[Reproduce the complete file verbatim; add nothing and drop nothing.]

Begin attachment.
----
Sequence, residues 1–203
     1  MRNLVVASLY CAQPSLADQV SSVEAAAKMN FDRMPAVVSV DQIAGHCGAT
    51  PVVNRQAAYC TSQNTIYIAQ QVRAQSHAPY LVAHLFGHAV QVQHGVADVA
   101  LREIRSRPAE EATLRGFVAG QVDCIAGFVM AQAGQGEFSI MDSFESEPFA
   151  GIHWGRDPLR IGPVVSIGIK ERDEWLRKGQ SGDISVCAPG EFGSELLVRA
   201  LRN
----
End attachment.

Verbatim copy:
Sequence, residues 1–203
     1  MRNLVVASLY CAQPSLADQV SSVEAAAKMN FDRMPAVVSV DQIAGHCGAT
    51  PVVNRQAAYC TSQNTIYIAQ QVRAQSHAPY LVAHLFGHAV QVQHGVADVA
   101  LREIRSRPAE EATLRGFVAG QVDCIAGFVM AQAGQGEFSI MDSFESEPFA
   151  GIHWGRDPLR IGPVVSIGIK ERDEWLRKGQ SGDISVCAPG EFGSELLVRA
   201  LRN